Who doesn’t know this situation: Returning from holidays and spending a few hours, cleaning the email inbox. If you then ask yourself why marketers keep sending you promotional emails, there is a simple explanation: Because it works! Email remains significantly more effective than social media, when it comes to acquiring customers. Following research by the US consulting firm McKinsey it is nearly 40 times more efficient than Facebook and Twitter combined (McKinsey).

This is on the one hand attributable to the fact that the penetration rates of email are higher than those of social media, and on the other hand the rate at which e-mails prompt purchases is not only estimated to be at least three times that of social media, but the average order value is also 17 percent higher. This is particularly interesting in the context of tourism, as holidays are usually higher priced than many of the goods and services bought online.


Nevertheless, these impressive numbers must not be mistaken by tourism marketers as an invitation to bombard customers with spam. In addition, a shift in consumer behaviour can be noted. Following McKinsey’s iConsumer survey over the past for years a 20 percent decline in e-mail usage could be noted, with the medium surrendering ground to social networks, instant messaging, and mobile-messaging apps. Investments in these new channels are absolutely necessary for marketers to make increasingly sophisticated use of social networks and other channels to engage with consumers and convert interest to sales. However, marketers shouldn’t be too hasty in shifting budgets away from e-mail—they just need to take a few steps to harness the full power of the inbox.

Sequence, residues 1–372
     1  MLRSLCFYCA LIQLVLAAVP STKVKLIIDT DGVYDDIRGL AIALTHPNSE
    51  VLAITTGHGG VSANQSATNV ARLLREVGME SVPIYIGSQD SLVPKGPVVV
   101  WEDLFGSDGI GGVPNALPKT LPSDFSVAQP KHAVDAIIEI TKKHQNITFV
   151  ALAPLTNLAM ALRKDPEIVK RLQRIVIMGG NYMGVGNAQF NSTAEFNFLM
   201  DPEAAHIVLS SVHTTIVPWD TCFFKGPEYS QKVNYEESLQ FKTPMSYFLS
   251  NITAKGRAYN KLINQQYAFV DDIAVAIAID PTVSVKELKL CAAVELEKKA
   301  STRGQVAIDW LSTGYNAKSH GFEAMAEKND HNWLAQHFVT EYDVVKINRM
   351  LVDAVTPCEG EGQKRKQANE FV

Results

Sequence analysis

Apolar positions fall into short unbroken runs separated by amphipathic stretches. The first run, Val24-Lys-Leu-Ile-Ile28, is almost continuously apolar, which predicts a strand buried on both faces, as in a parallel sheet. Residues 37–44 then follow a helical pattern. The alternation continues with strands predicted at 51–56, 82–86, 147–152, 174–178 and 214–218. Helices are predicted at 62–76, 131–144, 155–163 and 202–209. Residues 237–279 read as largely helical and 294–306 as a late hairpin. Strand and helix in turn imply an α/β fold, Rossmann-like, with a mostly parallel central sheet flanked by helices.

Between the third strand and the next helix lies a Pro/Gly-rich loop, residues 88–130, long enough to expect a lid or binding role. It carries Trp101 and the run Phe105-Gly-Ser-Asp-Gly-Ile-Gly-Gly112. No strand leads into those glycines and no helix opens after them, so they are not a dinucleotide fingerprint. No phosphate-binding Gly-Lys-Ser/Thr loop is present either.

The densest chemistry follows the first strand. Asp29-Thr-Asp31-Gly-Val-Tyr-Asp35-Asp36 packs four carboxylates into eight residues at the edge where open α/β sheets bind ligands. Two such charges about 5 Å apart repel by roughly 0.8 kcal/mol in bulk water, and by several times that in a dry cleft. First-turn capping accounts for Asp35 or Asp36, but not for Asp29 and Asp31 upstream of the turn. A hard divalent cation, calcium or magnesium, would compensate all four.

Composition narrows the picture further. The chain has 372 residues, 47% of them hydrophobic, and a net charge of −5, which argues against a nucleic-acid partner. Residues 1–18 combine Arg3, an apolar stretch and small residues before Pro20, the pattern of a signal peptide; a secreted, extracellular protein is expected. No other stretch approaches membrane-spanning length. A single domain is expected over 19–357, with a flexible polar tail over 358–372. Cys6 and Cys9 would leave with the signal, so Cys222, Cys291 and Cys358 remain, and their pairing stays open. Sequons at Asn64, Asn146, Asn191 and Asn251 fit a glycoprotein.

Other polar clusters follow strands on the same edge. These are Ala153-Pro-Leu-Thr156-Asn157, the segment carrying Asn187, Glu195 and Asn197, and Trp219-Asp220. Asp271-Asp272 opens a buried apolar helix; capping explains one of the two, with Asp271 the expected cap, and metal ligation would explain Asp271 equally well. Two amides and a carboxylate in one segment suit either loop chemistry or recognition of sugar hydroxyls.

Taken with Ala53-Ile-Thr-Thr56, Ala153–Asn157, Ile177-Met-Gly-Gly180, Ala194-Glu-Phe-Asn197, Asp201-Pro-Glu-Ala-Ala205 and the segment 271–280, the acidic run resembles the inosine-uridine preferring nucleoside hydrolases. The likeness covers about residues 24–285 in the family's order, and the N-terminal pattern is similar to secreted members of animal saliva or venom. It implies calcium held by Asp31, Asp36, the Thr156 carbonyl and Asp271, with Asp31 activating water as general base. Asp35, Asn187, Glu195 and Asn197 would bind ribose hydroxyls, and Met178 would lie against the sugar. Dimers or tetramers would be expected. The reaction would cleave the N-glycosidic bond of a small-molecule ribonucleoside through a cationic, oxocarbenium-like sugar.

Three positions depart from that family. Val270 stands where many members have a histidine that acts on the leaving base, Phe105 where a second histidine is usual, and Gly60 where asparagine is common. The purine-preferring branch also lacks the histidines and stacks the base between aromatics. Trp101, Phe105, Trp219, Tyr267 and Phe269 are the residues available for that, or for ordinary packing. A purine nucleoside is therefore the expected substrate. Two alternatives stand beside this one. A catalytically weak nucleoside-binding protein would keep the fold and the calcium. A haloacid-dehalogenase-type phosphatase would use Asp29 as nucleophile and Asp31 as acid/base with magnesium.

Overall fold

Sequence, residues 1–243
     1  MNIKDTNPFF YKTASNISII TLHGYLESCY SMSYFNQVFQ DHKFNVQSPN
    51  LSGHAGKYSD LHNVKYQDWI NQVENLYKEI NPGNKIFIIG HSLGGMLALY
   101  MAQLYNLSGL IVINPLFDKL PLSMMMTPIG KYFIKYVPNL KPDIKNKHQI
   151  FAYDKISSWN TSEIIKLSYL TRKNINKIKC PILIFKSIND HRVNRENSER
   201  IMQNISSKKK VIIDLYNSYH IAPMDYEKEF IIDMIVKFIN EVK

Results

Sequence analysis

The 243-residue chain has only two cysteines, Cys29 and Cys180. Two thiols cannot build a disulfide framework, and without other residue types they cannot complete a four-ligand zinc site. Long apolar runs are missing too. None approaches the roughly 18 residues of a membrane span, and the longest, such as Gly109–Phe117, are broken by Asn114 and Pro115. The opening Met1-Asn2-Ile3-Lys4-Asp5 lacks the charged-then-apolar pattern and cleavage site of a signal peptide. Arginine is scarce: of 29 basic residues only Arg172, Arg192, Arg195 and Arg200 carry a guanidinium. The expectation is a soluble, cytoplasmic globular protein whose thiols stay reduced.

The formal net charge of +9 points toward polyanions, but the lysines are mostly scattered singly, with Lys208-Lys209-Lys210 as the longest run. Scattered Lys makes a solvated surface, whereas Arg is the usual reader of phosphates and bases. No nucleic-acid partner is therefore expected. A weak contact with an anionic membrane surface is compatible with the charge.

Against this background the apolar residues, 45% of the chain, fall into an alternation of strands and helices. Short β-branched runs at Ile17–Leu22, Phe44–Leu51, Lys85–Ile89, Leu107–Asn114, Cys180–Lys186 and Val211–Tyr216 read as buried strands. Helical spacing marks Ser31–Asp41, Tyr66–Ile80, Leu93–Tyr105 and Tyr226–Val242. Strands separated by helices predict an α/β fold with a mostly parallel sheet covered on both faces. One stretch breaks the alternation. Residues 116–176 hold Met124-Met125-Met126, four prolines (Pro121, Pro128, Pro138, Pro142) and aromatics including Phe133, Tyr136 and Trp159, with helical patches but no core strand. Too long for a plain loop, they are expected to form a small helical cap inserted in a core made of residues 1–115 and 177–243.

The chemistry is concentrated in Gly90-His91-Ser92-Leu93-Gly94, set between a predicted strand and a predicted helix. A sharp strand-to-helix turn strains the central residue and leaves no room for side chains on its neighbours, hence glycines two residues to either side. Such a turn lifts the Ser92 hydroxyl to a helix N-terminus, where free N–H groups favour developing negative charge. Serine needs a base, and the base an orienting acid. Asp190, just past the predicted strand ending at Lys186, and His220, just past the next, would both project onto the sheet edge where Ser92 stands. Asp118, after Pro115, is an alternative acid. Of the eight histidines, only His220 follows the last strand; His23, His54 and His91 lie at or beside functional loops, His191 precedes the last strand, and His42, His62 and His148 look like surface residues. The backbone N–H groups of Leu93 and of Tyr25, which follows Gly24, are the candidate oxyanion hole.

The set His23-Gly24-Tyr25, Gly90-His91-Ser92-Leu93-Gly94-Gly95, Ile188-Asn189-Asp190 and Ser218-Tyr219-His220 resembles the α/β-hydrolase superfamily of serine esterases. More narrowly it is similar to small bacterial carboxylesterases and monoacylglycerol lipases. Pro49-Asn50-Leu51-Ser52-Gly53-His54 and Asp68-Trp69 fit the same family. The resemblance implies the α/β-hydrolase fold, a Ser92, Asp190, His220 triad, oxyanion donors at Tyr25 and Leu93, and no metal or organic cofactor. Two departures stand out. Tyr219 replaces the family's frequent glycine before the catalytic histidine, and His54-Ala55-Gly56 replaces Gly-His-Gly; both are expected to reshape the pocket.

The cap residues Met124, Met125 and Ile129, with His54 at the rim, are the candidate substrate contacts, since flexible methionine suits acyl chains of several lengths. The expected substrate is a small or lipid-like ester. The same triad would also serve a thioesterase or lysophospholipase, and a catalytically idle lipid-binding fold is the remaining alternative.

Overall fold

Marketers are advised to follow a few essential guidelines, to get the most from email marketing efforts. The first is to focus on the journey, not on the click. The email is only part of a series of interaction with customers. But so is the landing page, and all the other touchpoints along the route to conversion.

The second important lesson is to share experiences among the marketing team(s). The best marketing organisations view every e-mail as an opportunity to learn more about their consumer. They define clear learning objectives for each campaign, capture data, and share it within the marketing group and the rest of the organisation.

The third tip is to get personal, as standing out certainly has become more difficult. While e-mail usage has declined, the volume of messages continues to rise. Building customisation into the email campaigns is essential to gain visibility and customers’ attention.


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